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It’s pretty difficult to come up with a game concept simpler than Circle Stop. There is a dot, “rolling” around in a circle in the middle of the screen. Other small dots of various colors are spawned on this circle, and the player needs to touch the screen just when the main dot’s trajectory overlaps with other dots, to get some points. Then the colored dots are removed, and the others are spawned, while the “player” dot keeps rolling and rolling, until the player three mistakes, tapping while the dot is not over anything. Then the game ends and the player gets a score and there’s nothing else. –Tony Kuzmin

Grandpa and the Zombies

 
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Zombies mess with everybody. Why not the elderly? In Grandpa and the Zombies, we get to see what happens when a cranky, indefatigable wheelchair-bound gentleman named Willy decides not to be pushed around – or consumed – by the actively undead. Thankfully, the developer dispenses with convoluted backstory in setting up this saga. Via cutscenes, we get the most basic of zombie apocalypse stories: gramps wakes up in the hospital, with no memory but a sturdy cast. With zombies closing in, he commandeers a wheelchair and rolls rapidly to safety. –Tre Lawrence

And finally, this week Pocket Gamer looked into dodgy Dungeon Keeper ratings, found 11 games better than Flappy Bird (it wasn’t hard), reviewed Threes and Final Fantasy VI, picked the best iOS and Android games of January, and told EA to keep its greasy mitts off Theme Hospital. All that, and loads more, here.

Skee Ball Arcade Review

Skee Ball Arcade Review

+ Universal App - Designed for iPhone and iPad
Offering a fairly entertaining adaptation of the popular game of Skee Ball, it's a shame this game's quite cluttered with money making opportunities.

Read The Full Review »

The Portable Podcast, Episode 201

TPPTwitter_WebFree in-game taco!

On This Episode:

  • Graveck talks about its new game Strata, goes back in time to talk about the games that put them on the map, 10 Balls 7 Cups and Skee-Ball, and the future for the series, along with if they can live up to the greatest iOS trailer of all time.
  • Episode Cast:

  • Host: Carter Dotson
  • Guests: Matt Gravelle and Ty Burks, >Graveck
  • Music:

    How to Listen:

    • Click Here to Subscribe in iTunes:
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    • Listen Here:

    Apps From This Episode:

    $2.99
    + Universal App - Designed for iPhone and iPad
    Released: 2013-09-12 :: Category: Games

    $0.99
    iPhone App - Designed for the iPhone, compatible with the iPad
    Released: 2009-03-09 :: Category: Games

    This Is Not A Ball Game. Review

    This Is Not A Ball Game. Review

    + Universal App - Designed for iPhone and iPad
    This Is Not A Ball Game. has a great look and promising concept, but struggles with many of the game-like aspects that fill it out.

    Read The Full Review »

    This Week at 148Apps: August 8-12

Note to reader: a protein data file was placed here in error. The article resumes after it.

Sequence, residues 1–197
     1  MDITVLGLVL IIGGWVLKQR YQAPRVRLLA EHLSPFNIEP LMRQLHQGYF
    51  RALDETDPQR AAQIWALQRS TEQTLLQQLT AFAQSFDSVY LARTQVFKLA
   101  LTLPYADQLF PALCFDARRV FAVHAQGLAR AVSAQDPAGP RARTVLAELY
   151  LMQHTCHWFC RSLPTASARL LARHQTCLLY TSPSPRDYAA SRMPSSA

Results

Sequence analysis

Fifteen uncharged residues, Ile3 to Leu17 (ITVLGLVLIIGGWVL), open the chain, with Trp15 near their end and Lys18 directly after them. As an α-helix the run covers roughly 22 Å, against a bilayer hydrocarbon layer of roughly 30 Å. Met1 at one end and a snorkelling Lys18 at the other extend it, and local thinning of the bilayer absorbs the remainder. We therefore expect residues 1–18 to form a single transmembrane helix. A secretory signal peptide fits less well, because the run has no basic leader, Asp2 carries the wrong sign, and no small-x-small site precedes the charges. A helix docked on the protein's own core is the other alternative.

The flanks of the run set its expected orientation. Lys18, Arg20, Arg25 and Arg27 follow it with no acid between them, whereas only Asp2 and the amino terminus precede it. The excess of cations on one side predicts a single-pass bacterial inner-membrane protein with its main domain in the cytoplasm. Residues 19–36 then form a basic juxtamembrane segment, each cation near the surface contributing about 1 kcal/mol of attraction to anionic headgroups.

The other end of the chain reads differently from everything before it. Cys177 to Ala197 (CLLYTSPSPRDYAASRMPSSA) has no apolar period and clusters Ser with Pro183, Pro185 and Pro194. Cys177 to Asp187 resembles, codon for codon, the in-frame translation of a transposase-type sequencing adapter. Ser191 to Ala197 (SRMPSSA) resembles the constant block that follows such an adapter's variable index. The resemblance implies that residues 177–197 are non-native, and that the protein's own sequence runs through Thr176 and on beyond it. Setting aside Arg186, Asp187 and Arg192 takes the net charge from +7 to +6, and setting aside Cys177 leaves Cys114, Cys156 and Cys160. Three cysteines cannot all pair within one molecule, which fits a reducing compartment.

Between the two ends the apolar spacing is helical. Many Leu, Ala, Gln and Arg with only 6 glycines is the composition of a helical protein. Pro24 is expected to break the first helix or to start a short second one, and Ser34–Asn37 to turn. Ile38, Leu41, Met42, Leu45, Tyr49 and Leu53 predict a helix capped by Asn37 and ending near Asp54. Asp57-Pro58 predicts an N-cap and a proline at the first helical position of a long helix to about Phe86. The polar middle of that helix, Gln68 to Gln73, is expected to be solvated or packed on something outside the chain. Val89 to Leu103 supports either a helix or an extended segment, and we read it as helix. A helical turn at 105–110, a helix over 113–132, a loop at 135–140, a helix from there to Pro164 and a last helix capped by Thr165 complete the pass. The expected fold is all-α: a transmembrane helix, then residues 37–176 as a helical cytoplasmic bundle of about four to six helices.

This week, August 8-12, 148Apps interviewed Matt Gravelle, co-founder of Graveck, the developer behind one of the most successful and addictive iPhone games – Skee-Ball. Interviewer Gianna LaPin writes, “Graveck has recently started developing for the Android platform; this, combined with all the recent advances in the iOS world, is enough to make Matt’s head spin. Looking forward, he sees steady, predictable advancements in the mobile computing field instead of major breakthroughs in the near future. Specifically he agrees with Apple’s move towards creating a more seamless, cohesive user experience between devices by leveraging cloud storage, and Graveck plans on adopting that same philosophy.”

    Read the entire interview at 148Apps.com.

    $0.99
    iPhone App - Designed for the iPhone, compatible with the iPad
    Released: 2009-09-22 :: Category: Games

    Over on 148Apps.biz, founder Jeff Scott announced the upcoming App Developer’s Conference in Santa Clara, CA: “The App Developers Conference is the essential event for everyone building and selling apps for emerging devices. From smart phones to smart cars, applications and connectivity are driving the consumer application market forward at warp speed. This event brings development professionals together with the platforms, tools, services, and brand marketers that are working to connect people, places and things.”

    Read more details about the conference, and pick up a code good for $100 off your registration, at 148Apps.biz.

    The fine folks at GiggleApps reviewed an app designed to teach kids the basics of drawing, appropriately called How to Draw. Reviewer Amy Solomon writes, “How To Draw is a creative and fun application that explains, step by step, the elements used to draw simple pictures how and to re-create these drawings themselves. Although universal, this app best performs on the iPad when one is following along, drawing within this app, but this app also included is a very nice section which allows the viewer to just watch these images progress as well – something that can be enjoyed on either iPad or iPhone.”

    Read the full review at GiggleApps.

    FREE!
    + Universal App - Designed for iPhone and iPad